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RIDE: Self-Supervised Learning of Rotation-Equivariant Keypoint Detection and Invariant Description for Endoscopy

Mert Asim KaraogluViktoria MarkovaNassir NavabBenjamin BusamAlexander Ladikos
Sep 2023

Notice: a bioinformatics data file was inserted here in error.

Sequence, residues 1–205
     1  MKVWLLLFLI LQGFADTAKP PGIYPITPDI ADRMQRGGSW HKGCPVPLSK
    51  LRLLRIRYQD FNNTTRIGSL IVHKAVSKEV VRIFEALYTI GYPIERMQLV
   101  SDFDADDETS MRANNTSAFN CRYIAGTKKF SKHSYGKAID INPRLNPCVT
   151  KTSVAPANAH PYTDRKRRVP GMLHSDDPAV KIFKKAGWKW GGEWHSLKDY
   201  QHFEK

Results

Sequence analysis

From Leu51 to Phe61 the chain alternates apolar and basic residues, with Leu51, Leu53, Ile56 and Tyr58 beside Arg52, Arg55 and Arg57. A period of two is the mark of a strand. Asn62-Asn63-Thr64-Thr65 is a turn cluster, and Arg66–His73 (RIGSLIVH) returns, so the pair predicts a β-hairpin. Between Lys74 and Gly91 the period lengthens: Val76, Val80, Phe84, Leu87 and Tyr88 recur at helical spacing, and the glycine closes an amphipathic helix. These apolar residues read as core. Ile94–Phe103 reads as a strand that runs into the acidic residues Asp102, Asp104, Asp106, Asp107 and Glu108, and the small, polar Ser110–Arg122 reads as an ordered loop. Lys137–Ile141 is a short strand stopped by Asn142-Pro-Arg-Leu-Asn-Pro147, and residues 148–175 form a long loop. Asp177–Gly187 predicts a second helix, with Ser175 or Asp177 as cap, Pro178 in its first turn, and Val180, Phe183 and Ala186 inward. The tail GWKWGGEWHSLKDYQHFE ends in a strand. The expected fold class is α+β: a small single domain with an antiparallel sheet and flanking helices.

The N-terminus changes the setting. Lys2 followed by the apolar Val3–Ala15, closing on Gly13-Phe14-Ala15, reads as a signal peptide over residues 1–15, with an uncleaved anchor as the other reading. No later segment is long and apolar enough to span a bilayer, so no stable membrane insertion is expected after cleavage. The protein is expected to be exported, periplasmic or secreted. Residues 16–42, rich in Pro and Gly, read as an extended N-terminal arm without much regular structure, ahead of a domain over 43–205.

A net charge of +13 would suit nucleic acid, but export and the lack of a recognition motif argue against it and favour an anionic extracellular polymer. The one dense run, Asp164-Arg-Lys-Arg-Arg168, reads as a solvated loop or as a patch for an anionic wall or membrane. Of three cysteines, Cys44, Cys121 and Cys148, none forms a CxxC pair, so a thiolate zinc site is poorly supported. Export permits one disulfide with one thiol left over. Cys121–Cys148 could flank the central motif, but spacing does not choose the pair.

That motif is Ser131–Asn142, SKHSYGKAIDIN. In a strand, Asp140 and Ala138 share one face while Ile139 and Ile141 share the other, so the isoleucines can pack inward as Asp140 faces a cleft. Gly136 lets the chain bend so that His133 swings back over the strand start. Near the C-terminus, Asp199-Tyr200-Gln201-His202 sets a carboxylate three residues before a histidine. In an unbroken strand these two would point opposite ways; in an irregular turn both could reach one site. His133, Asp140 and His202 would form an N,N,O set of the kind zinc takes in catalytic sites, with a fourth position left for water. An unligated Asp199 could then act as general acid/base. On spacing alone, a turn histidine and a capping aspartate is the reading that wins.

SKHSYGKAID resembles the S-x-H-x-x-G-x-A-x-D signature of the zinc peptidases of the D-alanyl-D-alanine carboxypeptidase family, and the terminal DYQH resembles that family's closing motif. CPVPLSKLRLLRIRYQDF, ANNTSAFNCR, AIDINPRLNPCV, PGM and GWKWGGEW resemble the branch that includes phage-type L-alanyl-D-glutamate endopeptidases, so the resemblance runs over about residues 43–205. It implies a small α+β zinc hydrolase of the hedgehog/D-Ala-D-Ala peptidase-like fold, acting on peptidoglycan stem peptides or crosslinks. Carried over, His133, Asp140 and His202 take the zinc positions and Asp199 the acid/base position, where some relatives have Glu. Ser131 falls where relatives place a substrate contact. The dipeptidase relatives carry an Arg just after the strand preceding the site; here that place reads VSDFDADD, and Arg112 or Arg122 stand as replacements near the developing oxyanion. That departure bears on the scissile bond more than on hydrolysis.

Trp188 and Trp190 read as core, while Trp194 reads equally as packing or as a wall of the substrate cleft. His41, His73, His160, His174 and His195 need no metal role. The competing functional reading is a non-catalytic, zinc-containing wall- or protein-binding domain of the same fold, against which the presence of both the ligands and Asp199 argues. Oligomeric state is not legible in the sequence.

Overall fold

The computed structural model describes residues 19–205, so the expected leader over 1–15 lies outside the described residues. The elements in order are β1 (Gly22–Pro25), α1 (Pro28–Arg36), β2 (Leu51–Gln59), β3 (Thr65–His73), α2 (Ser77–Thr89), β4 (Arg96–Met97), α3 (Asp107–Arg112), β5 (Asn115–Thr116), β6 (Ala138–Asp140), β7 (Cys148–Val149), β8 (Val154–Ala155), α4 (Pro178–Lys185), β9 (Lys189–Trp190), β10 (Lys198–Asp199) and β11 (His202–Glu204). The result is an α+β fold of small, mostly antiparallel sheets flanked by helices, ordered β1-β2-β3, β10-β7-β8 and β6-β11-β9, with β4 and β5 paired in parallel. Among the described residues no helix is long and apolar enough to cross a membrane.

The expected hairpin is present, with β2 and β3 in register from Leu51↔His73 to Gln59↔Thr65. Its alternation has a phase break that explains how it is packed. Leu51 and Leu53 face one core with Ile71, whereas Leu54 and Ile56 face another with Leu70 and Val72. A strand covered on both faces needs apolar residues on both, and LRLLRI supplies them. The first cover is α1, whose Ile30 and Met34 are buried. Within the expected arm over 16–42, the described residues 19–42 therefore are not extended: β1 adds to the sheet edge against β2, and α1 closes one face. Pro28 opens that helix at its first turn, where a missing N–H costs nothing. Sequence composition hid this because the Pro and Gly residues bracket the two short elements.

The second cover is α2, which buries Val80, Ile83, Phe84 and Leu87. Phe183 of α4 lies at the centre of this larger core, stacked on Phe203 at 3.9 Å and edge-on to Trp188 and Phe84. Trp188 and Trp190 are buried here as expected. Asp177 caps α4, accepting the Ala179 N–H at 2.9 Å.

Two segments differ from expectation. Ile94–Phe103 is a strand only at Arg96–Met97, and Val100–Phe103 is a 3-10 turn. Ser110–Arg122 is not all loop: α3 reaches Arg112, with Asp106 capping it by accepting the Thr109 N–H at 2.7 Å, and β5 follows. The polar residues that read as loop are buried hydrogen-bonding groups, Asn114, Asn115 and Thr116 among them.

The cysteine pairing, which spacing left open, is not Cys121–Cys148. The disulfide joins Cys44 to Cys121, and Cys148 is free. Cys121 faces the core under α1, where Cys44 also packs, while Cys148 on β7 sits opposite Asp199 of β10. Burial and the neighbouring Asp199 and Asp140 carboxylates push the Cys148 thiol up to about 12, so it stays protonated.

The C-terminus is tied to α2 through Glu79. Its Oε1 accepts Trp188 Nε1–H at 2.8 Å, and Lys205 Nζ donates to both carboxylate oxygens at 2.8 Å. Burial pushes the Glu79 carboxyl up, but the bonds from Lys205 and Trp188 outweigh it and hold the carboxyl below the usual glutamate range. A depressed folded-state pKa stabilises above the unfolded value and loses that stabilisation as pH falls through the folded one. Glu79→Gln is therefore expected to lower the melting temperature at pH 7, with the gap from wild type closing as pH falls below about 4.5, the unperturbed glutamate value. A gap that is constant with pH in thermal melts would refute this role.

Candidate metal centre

Unlike in natural images, in endoscopy there is no clear notion of an up-right camera orientation. Endoscopic videos therefore often contain large rotational motions, which require keypoint detection and description algorithms to be robust to these conditions. While most classical methods achieve rotation-equivariant detection and invariant description by design, many learning-based approaches learn to be robust only up to a certain degree. At the same time learning-based methods under moderate rotations often outperform classical approaches. In order to address this shortcoming, in this paper we propose RIDE, a learning-based method for rotation-equivariant detection and invariant description. Following recent advancements in group-equivariant learning, RIDE models rotation-equivariance implicitly within its architecture. Trained in a self-supervised manner on a large curation of endoscopic images, RIDE requires no manual labeling of training data. We test RIDE in the context of surgical tissue tracking on the SuPeR dataset as well as in the context of relative pose estimation on a repurposed version of the SCARED dataset. In addition we perform explicit studies showing its robustness to large rotations. Our comparison against recent learning-based and classical approaches shows that RIDE sets a new state-of-the-art performance on matching and relative pose estimation tasks and scores competitively on surgical tissue tracking.
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